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Lindquist College of Arts & Humanities

Imagining Magnificent Designs 
and Bringing Them to Life

Victoria “Toria” Snow’s triumphant Feb. 16 Facebook post read: “I came, I tried, and I WON!” That’s how the WSU theatre design student announced to friends, family and “followers” that she was one of eight regional finalists for the Kennedy Center American College Theater Festival’s (KCACTF) national award for excellence in costume design.

On April 20, Snow’s news got even better. She became the first WSU student costume designer to capture a KCACTF grand prize for her work on the WSU Theatre production of The Cripple of Inishmaan, a play that takes place on Ireland’s isolated isle of Inishmaan, where inhabitants observe ancient customs and wear traditional clothing.

Snow’s costume designs included pampooties, rawhide moccasins worn by men on the isle, and Aran sweaters, which traditionally feature intricate patterns that were zealously guarded by the same clan throughout generations.

“I used natural fibers and earth tones to convey a realistic feel,” Snow explained to KCACTF judges. “But each character had a pop of color to help them stand out.” To become the best, Snow had to learn from the best. In 2014, she enrolled at Weber State specifically to study with professor Catherine Zublin, who received a 2018 KCACTF gold medallion — the organization’s most prestigious regional award — for her outstanding efforts in encouraging young artists to develop their talents and pursue their dreams. Snow also worked closely with assistant professor Samantha “Sam” Transleau, who supervised her senior project, an outdoor art installation in Southern Utah.

Snow’s KCACTF award package included a trip to Washington, D.C., $500 and a trip to the 2019 Prague Quadrennial of Performance Design and Space. She graduated from WSU in April 2019, and is currently pursuing a master’s degree in costume design at California State University Fullerton.

Migration Captured in Mural

By creating three large-scale art installations in Ogden, 2018 Hurst Artist-in-Residence Jane Kim connected northern Utah to the Migrating Mural campaign, a nationwide art initiative highlighting endangered animals along migration corridors they share with humans. The Ogden Migrating Murals are part of a larger network of monarch butterfly-inspired murals across the country. Ogden is a pit stop along ?the monarch’s epic 3,000-mile North American migration path.

The project began at the Ogden Nature Center with six banners depicting the monarch’s life cycle. The next phase was a mural painted on the exterior walls of The Monarch, a new event space in downtown Ogden. For the third phase, Kim and her team selected three student interns from the Lindquist College of Arts & Humanities to help produce a monochrome mural for the Kimball Visual Arts Center atrium.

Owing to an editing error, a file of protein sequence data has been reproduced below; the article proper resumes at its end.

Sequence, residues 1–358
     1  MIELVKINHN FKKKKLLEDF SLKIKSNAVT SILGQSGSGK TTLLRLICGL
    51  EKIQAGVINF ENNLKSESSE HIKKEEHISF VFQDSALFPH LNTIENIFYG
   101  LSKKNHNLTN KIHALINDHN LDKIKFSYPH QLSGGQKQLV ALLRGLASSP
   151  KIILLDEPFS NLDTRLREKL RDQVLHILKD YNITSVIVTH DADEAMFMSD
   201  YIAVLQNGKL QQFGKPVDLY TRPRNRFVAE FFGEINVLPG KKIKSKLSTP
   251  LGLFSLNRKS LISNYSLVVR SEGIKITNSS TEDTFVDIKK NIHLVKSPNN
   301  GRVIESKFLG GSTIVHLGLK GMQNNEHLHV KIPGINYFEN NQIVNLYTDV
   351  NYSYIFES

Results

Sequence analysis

Kim hopes the Ogden murals will create awareness about the monarch’s endangered status and inspire widespread conservationism.

Casting Invisible Mountains

Using two simple materials — plastic sheeting and hot glue — internationally acclaimed Japanese artist Yasuaki Onishi created what appeared to be a vast, floating mountainscape inside the Mary Elizabeth Dee Shaw Gallery. In a process he calls casting the invisible, Onishi draped semi-translucent plastic over stacked cardboard boxes, suspended the mass with wispy strands of black glue, then removed the boxes. Reverse of Volume, described as a meditation on the nature of negative space, was on display from Feb. 8 to April 6, 2019.


Acclaimed Jazz Quartet Sets the Stage

The inaugural season of Browning Presents! (formerly the Office of Cultural Affairs) began on a high note with a performance by the Sean Jones Quartet. Famed trumpeter, composer, educator and activist Sean Jones taught master classes on campus prior to the Sept. 14, 2018, concert. He told students that jazz music tells America’s story and can help us all become better human beings. Other Browning Presents! events during the 2018–19 academic year included a conversation with Pulitzer Prize winner Ronan Farrow and a performance by the Choir of Clare College, Cambridge.

Debate Team Wins Big

When WSU family communication student Bianca Morales joined the Weber State Debate team in 2013, speaking was her weakest skill. At the 2019 Cross Examination Debate Association (CEDA) National Tournament, she walked away as the second-place speaker in the nation and an All-American.  “I worked hard with my coach to improve,” Morales said. “I was blown away and brought to tears by this accomplishment.”

Morales’ distinction was not all WSU brought home from the CEDA National Tournament. Weber State Debate also won first place in the western region sweepstakes. Debate coach Ryan Wash was awarded Critic of the Year for the western region. Students Roey Sellouk, Zachary Baker and Jordan Stephens received the National Debate Scholar recognition, awarded to those who, in addition to competitive accomplishments, maintain a strong academic record.

Designing New Paths in Arts & Humanities

A wide range of recently approved programs in the Telitha E. Lindquist College of Arts & Humanities has increased learning opportunities and career paths for liberal ?arts students.

As of the 2019–20 academic year, students could enter any of the following programs:

  • Bachelor of Arts in Film Studies
  • Associate of Arts or Minor in Localization
  • Associate of Arts in Technical Theatre
  • Minor in Literary Editing

In addition, the college began offering certificates of proficiency in American Sign Language, Chinese, French, German, Japanese, jazz studies and music entrepreneurship.

“Our new programs prioritize deep learning in the liberal arts combined with the professional and technical skills required for an enriching, lifelong career,” said Scott Sprenger, dean of the Lindquist College of Arts & Humanities.